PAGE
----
During the Easter season, which formally came to a close this past Sunday at Pentecost, we traditionally read from the Acts of the Apostles—the often zany, always exhilarating stories of the growth of the early Church. It tells the story of a group of people who went from a handful of scared men and women, locked in an upper room in Jerusalem after the terrifying apparent disaster of the Crucifixion, to the abrupt, indeed miraculous, transformation of these disciples into cannot-be-contained missionaries for the Gospel, leading to the eventual conversion of nothing less than the Roman Empire, at the time the more or less “ends of the earth.”
In particular, I think about the long, and utterly unpredictable, line that connects that first handful of disciples’ belief in the resurrected Christ, to my grandparents’ belief to my parents’ and to mine. In some way, I believe in Jesus Christ, not just because the first disciples came to believe, but because after they came to believe, that belief drove them out of that locked room in Jerusalem and impelled them to share their faith to anyone who would listen—promising and unpromising audiences alike. And the Church, in every one of her evolutions and movements ever since, has digested and so re-enlivened this missionary impulse. Pope Francis’ first exhortation, “The Joy of the Gospel,” is saturated with this apostolic drive not to turn inward in our belief, but to allow our faith to transform us continually into a disposition of evangelization.
I guess, in a blog about a 30,000-mile trans-national bus tour, you can see where this is going! The good news of the work of the Holy Spirit in America’s Catholic schools is – like every other message of the Holy Spirit—meant to be shared. So that, in the sharing, the entire community is uplifted and expanded.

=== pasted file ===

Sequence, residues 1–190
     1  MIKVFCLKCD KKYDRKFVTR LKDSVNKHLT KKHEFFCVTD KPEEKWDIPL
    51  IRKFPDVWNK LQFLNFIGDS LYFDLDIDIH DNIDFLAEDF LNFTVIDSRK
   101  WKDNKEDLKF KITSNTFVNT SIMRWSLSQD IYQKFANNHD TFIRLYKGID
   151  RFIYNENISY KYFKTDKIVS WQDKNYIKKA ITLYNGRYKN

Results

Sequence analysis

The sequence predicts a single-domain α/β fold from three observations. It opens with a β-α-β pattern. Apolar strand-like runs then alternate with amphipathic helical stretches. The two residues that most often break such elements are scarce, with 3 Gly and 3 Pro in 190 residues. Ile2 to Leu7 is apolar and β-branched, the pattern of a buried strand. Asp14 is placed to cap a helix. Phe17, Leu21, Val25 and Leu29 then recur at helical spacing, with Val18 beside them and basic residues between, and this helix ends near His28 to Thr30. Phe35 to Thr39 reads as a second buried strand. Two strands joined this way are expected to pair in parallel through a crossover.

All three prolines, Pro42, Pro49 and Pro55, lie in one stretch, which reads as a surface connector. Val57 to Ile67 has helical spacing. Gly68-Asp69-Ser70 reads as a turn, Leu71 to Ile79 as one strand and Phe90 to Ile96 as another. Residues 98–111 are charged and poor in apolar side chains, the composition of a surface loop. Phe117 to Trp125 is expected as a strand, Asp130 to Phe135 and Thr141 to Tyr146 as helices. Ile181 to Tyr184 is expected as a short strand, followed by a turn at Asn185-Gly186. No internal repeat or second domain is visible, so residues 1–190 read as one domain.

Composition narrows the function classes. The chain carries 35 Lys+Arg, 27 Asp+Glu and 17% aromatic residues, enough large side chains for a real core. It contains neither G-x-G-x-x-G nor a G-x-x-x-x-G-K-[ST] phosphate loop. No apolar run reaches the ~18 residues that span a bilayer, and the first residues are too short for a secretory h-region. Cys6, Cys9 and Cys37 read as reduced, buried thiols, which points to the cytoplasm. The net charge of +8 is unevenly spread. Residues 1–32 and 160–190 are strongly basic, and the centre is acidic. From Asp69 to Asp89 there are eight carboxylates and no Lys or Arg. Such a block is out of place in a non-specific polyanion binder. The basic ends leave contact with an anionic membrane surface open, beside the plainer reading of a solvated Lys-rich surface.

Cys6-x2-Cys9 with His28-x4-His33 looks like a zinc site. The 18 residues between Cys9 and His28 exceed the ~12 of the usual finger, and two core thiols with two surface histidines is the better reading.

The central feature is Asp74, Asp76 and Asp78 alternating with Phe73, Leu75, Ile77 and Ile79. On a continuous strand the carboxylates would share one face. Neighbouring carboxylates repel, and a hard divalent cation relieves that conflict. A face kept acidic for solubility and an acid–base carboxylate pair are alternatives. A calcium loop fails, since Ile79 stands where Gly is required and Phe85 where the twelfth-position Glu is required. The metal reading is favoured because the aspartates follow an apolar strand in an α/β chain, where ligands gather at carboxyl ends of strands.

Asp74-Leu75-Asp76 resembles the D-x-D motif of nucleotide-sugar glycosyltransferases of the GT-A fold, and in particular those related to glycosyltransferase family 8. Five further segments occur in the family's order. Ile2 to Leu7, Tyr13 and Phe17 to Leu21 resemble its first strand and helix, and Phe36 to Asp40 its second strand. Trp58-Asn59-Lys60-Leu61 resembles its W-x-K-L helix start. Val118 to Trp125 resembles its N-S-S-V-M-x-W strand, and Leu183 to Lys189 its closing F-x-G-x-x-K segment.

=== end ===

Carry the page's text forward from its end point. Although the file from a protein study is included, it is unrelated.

What I love most about my experience on the ACE bus tour, as I reflect on it through the lens of the Acts of the Apostles, is that Acts is not a story of the apostles simply bringing the new life and encouragement of the Holy Spirit to others who need it. Rather, Acts is filled with story after story of the apostles coming to recognize, and so coming to be stretched and encouraged and ultimately emboldened by the presence of the Spirit at work everywhere they went. It is a story that explains why the Church must always be missionary—it is in the coming together of people who believe, of people in whom the Spirit is doggedly at work, that the Church is continually re-energized and grown.
As a believer, as an advocate of the mission of Catholic schools, as a priest, my vocation has been so enlivened and enriched, stretched, encouraged and re-invigorated by the so-palpable presence of the Holy Spirit in the leaders, teachers, students, and Catholic school supporters we had the privilege of meeting at each of our stops. So many who believe in, and have given their lives to, and are filled with evident joy by, the mission of our Catholic schools. I return more convinced than ever—this is a message that must constantly impel us outward, so that more and more people can see the good news that Catholic schools have to share.